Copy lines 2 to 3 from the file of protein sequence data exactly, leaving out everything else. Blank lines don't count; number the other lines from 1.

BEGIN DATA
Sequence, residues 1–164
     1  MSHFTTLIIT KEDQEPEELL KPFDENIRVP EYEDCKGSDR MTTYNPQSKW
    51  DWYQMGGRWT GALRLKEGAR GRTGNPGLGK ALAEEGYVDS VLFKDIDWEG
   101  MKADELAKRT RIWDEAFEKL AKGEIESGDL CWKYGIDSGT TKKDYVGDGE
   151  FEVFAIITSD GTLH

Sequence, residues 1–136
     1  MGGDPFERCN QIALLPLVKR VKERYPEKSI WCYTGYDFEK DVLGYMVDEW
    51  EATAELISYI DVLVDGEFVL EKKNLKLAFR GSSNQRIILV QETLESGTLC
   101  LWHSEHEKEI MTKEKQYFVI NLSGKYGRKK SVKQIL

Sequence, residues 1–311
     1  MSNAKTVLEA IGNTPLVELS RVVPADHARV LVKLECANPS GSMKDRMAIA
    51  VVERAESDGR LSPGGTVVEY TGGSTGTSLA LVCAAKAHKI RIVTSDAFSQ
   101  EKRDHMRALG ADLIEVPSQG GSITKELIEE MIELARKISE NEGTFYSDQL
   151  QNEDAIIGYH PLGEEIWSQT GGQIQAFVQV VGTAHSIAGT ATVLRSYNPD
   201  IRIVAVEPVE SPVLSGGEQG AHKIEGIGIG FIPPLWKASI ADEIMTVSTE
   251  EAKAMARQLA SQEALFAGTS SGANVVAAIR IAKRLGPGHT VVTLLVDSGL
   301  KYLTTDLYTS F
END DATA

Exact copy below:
     1  MSHFTTLIIT KEDQEPEELL KPFDENIRVP EYEDCKGSDR MTTYNPQSKW
    51  DWYQMGGRWT GALRLKEGAR GRTGNPGLGK ALAEEGYVDS VLFKDIDWEG